TINA BAKER: Why I Escaped to an Island

Written by Tina Baker

My latest psychological thriller, What We Did in the Storm, is set on the Isles of Scilly – a cluster of unspoilt gems off the coast of Cornwall. It’s a big departure for me. Yes it’s dark, like my other novels. And funny (think David Lynch directs an episode of Doc Martin) because dark humour literally keeps me sane (ish.) But I’m also known as the queen of domestic noir – according to one literary festival panel host at least. I like ratcheting up tension in a domestic setting, sometimes in a single room; everyday stresses building and building until, like a pressure cooker … Violence! Murder! Worse!

But in What We Did in the Storm, I’m suddenly outside, the wind in my hair, paddling in the sea, hiking up to the cliffs, walking through the glorious Abbey Gardens, and the island of Tresco is as much a character as the cast. What horrors could possibly lurk in this paradise of perfect beaches, crystal-clear waters, a place where there are no cars, and people don’t bother locking their doors? 

(Spoiler alert – a lot.)

I didn’t know the domestic noir genre existed until I accidentally fell into it. Like the label kitchen sink dramas, often attached to soaps, I feel there’s snobbery surrounding it, as if the bad things that happen in home settings to working class people aren’t on par with spy thrillers where protagonists jump out of helicopters and blow up the lairs of evil billionaire scientists, or the derring-dos of swashbuckling knights on the castle battlements of historical novels. 

For me, the very worst things happen at home.

Write what you know they say, and, obviously, I’ve spent more time in my flat than jumping out of planes – although I have done that for charity. (Sick as a dog. Wouldn’t recommend.) 

Like any writer, most of my time is spent in front of my computer. And I don’t go out to coffee shops to write, so even before lockdown and shielding (dodgy lungs) I had cabin fever.

I needed to escape. But, due a combination of world events, health, and my hilariously expensive hobby of cat rescue, I’ve not had a holiday in a fair few years. So a thriller set on the Scillies it was.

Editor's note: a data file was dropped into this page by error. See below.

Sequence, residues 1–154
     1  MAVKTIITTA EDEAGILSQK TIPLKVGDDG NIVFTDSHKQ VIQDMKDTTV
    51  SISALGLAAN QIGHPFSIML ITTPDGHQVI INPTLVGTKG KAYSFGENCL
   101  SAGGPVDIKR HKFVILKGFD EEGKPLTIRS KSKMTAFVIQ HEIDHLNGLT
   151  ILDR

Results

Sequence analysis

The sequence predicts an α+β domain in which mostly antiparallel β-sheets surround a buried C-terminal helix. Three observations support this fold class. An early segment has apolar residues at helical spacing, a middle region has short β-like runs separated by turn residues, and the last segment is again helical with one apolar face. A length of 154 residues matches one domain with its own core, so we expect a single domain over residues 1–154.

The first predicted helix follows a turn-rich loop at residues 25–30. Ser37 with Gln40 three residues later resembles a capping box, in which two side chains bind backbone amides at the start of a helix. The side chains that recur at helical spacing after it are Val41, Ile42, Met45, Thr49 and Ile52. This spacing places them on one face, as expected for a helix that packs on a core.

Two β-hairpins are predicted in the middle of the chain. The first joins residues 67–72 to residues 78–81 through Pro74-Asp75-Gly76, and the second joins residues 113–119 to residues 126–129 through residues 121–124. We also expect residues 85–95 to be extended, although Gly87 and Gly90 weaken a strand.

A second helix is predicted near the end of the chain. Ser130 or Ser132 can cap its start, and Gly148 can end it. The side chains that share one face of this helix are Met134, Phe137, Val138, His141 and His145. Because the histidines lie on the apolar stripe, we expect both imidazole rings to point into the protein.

It’s a part of the world I know well.

I met my lovely husband, Geoff, on the Isle of Tresco, not in the aisle at Tesco, as most of my friends assumed. I went there on holiday one Christmas and of all the bars in all the world, I walked into his. The rest is the history of our twenty-year marriage. On paper it should never have worked. It started as a long-distance relationship, where I commuted from London to the islands whenever I could, using, at various times, most modes of transport known to mankind – taxi, tube, sleeper train, helicopter, plane, ferry, jet boat, rowing boat, tractor, golf buggy. Once, after being fogged in, it took me 26 hours to get home. It’d have been quicker to date someone in New Zealand. I also suffer terrible travel sickness and have been hauled from boat to quay like a sack of potatoes on several occasions. Such is love.

My husband is a good old Cornish boy, and that part of the world is wonderfully atmospheric. And it’s just too tempting not to use a beautiful backdrop for terrible things, in the same way I ruin any sense of safety the word home suggests.


My first novel, Call Me Mummy, is mainly set in the house of a woman who steals a child and keeps her prisoner. My second, Nasty Little Cuts, is even more constrained, with the action taking place over one night, as a husband and wife fight to the death in a kitchen. (Who amongst us has not wanted to stave in the skull of a partner at Christmas?) Make Me Clean is about a cleaner doing bad things in other people’s houses. But for the right reasons.

In contrast, What We Did in the Storm has vast skies and epic seas. I’m not exaggerating when I say Tresco looks like a stunning Caribbean island. And yet…

People run away to islands to hide in small communities. Holidaymakers pack secrets along with their waterproofs. In any holiday destination there can be tensions between the haves and have-nots who serve them.

And then there is the cliff edge.

Who hasn’t stood near the abyss thinking about taking that next step forwards into oblivion? Might you lash out in a moment of madness and push someone to their death? Or do you fear a sharp blow to your back sending you spiralling over? 

These are the thoughts I pack on my getaways. And these dark impulses crawl amongst my pages and inspire the drama. Enjoy! 

'Tina Baker's best yet' - JANICE HALLETT

'Brilliantly atmospheric' - L.V. MATTHEWS

'Compelling and suspenseful' - LISA HALLE

  • Publisher: ‎ Viper; Main edition (15 Feb. 2024)

Tina Baker

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